What Is Intimate Bleaching And Why You Should Avoid It

Despite what current beauty standards would have you believe, we are all supposed to come in different shapes, sizes and colors. And that goes for our private parts as well! Yet, the misguided idea that only one kind of vagina and vulva is beautiful and healthy has got some women thinking that they need to alter the appearance of their genitals with unsafe cosmetic procedures.

If the idea of messing with the appearance of your genitals to appease someone else's idea of beauty makes you protectively cup your hands around your lady bits, you're not alone. However, a 2019 article published in Ethical Issues in Women's Healthcare points out that the number of women having elective genital cosmetic surgery is on the rise due to "low genital self image."

The American College of Obstetricians and Gynecologists explains that elective genital cosmetic surgery is a sweeping term used to describe a number of procedures including labiaplasty, vaginoplasty, clitoral hood reduction, perineoplasty, and vaginal rejuvenation — which can include a few of the previously mentioned procedures, as well as intimate bleaching.

Intimate bleaching is purely cosmetic and provides no medical benefit

Many women who struggle with body image become fixated on the idea of having an aesthetically "perfect" vagina and vulva. But what constitutes "normal" in that area? For many women, the skin surrounding their (perfectly normal) vulva may be a little darker than the skin on the rest of their body. This can happen for variable reasons, including hormone changes, friction, and aging (per Healthline). These changes are not only totally normal, but should be expected. And yet because of the unrealistic expectations many women have about what their body should look like, some are seeking to lighten their vuvular skin in hopes of making it match the rest of their bodies.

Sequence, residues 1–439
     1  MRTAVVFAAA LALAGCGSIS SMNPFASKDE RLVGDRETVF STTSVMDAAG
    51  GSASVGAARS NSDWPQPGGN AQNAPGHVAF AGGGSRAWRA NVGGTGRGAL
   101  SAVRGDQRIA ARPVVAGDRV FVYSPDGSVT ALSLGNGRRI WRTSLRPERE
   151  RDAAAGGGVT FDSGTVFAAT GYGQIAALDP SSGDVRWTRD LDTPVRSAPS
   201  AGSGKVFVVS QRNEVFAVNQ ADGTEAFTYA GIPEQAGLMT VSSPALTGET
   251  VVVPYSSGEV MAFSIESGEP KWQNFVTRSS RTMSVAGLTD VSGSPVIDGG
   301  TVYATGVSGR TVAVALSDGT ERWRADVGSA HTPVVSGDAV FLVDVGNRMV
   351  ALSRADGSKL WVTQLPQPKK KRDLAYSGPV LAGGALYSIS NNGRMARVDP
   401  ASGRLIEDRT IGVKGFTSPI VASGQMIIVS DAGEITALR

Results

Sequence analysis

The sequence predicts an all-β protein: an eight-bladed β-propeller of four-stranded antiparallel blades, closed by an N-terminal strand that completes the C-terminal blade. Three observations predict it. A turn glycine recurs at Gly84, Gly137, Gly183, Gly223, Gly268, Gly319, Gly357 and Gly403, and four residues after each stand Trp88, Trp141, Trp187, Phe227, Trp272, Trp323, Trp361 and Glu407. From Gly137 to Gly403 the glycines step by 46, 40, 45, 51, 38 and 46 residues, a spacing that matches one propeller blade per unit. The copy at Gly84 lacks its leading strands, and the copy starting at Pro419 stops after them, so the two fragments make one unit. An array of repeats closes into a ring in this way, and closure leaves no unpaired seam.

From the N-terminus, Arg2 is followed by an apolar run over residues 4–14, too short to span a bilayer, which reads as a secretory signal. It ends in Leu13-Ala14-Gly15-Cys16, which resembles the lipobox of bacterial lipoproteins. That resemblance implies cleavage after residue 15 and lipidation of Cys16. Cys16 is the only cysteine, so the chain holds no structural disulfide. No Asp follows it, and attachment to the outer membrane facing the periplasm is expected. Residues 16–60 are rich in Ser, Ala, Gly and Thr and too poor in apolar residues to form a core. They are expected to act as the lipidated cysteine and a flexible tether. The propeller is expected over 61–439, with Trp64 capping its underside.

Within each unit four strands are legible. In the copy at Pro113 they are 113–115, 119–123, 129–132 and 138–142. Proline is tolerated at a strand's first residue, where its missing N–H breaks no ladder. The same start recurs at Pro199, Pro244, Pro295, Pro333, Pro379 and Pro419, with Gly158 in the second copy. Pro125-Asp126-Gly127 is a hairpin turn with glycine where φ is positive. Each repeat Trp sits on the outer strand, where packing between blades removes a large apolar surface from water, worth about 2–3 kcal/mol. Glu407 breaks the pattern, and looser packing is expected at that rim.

Intimate or vaginal bleaching is an elective procedure that involves the lightening of the vulva and bikini area through the use of creams, lasers, or chemical peels (per Medical News Today). Other than the potential perk of improving one's self image, vaginal bleaching offers absolutely no health benefits. On the contrary, it could be quite dangerous, and responsible healthcare providers discourage the use of lasers, creams, and chemical peels to lighten the genitals. Here's why.

Risks associated with intimate bleaching

While vaginal bleaching has been growing in popularity, the American College of Obstetricians and Gynecologists issued a 2007 opinion published in Obstetrics and Gynecology stating that procedures like intimate bleaching were neither medically necessary, nor proven to be effective. What's more, the U.S Food and Drug Administration (FDA) has not approved any vaginal rejuvenation procedures, and has even warned of their potential dangers.

Healthline explains that over-the-counter products used to lighten the vulva can produce adverse reactions like irritation, swelling, and burning, and can even increase the risk of vaginal infections. When lasers and bleaching creams are used to lighten the skin, there is also the potential of burning the vulva, which can leave lasting scars that may interfere with sensation. If scarring happens near the clitoral hood, you run the risk of the clitoris irreversibly fusing to the clitoral hood, which can make arousal extremely painful.

Beyond the physical risks of vaginal bleaching, Medical News Today also points out that there are social implications, noting that the perpetuation of skin lightening is detrimental to people of color.